Wikipedia says that the energizing effect of coffee was discovered by the Ethiopians. So be sure to remember them in your bedtime prayers — because you’re certainly going to thank them when you’re trying to wake up.
Coffee isn’t a drink. It’s a ritual.
First thing in the morning. After meals. When you’re avoiding housework or your nosy neighbor. You can get off the hook for anything just by saying, “I’m going to make a pot of coffee.”
Grabbing a cup of Joe really is America’s favorite pastime. That’s why the only person worthy of the hawking “Mr. Coffee” was baseball legend Joe DiMaggio. Good thing the slugger retired before becoming a national spokesman, or caffeine may have landed on the banned substance list. (Shudder.)
Fresh brewed, French pressed or reheated sludge (we’ve all been there), have a cuppa while reading QuirkOut moments about the things women do to enjoy their coffee.
DELUSIONS OF JAVA
Take Heather’s QuirkOut order: “A cup of decaf, filled half way.” Why? Because the other half is for cream. “Coffee is just a gateway drug for cream,” she says pouring the thick liquid liberally. Thank goodness she drinks decaf. We wouldn’t want her health to be at risk.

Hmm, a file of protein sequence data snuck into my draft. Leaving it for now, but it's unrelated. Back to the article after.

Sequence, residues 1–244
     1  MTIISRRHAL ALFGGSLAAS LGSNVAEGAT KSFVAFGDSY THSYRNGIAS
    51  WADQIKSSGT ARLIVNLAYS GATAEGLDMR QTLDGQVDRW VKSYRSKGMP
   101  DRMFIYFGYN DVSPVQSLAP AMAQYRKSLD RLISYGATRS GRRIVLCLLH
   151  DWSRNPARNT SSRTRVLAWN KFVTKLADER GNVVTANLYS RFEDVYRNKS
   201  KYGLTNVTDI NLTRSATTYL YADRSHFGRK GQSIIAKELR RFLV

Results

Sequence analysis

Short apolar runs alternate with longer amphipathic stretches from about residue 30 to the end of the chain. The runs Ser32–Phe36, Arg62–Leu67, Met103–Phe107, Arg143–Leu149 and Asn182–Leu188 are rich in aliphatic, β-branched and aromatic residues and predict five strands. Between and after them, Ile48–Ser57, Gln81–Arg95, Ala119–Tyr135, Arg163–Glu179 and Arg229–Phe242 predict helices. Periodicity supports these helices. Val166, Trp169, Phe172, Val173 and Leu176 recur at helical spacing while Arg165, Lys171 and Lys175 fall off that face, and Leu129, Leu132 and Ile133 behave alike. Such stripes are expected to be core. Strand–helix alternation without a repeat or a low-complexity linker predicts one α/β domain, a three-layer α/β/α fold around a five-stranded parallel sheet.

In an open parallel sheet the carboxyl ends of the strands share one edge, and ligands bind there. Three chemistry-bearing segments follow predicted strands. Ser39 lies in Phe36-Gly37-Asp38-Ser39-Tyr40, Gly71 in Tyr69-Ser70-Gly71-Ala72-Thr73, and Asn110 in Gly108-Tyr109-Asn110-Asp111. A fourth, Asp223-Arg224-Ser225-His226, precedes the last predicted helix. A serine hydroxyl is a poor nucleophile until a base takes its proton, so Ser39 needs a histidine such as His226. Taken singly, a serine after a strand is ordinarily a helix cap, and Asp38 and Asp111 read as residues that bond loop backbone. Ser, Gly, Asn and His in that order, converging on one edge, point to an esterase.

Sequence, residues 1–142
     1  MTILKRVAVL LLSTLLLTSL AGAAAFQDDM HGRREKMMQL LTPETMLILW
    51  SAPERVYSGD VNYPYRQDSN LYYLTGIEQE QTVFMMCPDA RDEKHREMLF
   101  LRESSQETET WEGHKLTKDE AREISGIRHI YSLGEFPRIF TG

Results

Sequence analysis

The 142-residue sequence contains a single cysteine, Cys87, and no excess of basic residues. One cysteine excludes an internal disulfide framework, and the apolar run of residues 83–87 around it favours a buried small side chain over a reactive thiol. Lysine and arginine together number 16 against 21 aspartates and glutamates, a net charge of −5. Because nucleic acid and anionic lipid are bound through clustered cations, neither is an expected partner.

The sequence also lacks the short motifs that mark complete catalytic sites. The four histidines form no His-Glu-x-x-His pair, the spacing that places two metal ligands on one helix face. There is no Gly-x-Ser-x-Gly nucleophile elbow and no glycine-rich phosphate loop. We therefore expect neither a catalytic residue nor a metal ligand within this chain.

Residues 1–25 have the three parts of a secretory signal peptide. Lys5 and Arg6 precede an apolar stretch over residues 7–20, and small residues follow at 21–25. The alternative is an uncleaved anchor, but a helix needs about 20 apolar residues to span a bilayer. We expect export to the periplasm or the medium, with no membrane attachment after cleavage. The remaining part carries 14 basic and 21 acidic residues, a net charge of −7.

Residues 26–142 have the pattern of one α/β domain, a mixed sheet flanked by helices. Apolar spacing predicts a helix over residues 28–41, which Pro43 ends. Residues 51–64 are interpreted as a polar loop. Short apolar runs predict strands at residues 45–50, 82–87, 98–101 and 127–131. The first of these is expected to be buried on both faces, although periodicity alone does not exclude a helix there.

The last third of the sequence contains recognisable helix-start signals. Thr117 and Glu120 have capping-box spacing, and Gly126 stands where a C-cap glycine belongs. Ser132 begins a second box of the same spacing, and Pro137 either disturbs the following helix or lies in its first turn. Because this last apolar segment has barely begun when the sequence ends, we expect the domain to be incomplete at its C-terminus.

Or how about those folks who drink half-decaf, half-caf. What’s up with that? We can only guess that they start to fall asleep but the caffeine kicks in and wakes them up.
And you’ve got to love those Starbucks drinks with more calories than the Quadruple Bypass Burger. When coffee is put in a blender with sugary flavorings and topped with whipped cream, it’s really a milkshake. Hey, if you want to believe it’s coffee, more power to you, but we have two words of advice: Baskin Robbins.
ONE CUP WONDER
How we love trendy kitchen gadgets.
During the historic Latte Years, we felt compelled to own an Italian Espresso maker. These gleaming beauties were the trophy wives of our appliance collection. And they gave us a nice tax write-off when donated to Goodwill after admitting we’d never be able to operate them.
Today, single-serving coffee makers are all the rage. But the Keurig challenge is more maddening than running out of coffee filters. Where can you store all those bleeping little K-Cups that seem to multiply like spilled coffee grounds?
You can buy expensive carousel towers, or you can learn from Jenn, a blogger on Peas and Crayons (peasandcrayons.com). Her QuirkOut idea is to place the K-Cups in silverware organizers, neatly arranged so you can read all the labels.
Great idea, Jenn. But what do we do with our silverware? Guess it doesn’t matter, because once you’re hyped up on caffeine, you don’t care about eating.
FASTER, FASTER, FASTER
In the morning when we’re desperate for a jolt of java to speed us up, nothing will slow us down. We present Exhibit A, witnessed at Peet’s Coffee. A young woman, coffee cup in hand, took a ballpoint pen from her purse and jammed it right into the lid.
Was she taking out aggression at her ex-boyfriend or the inventor of Spanx?
Then we remembered fifth-grade science class. The bigger the hole, the more air enters the cup, which makes the coffee flow out FASTER. In essence, it becomes a Big Gulp.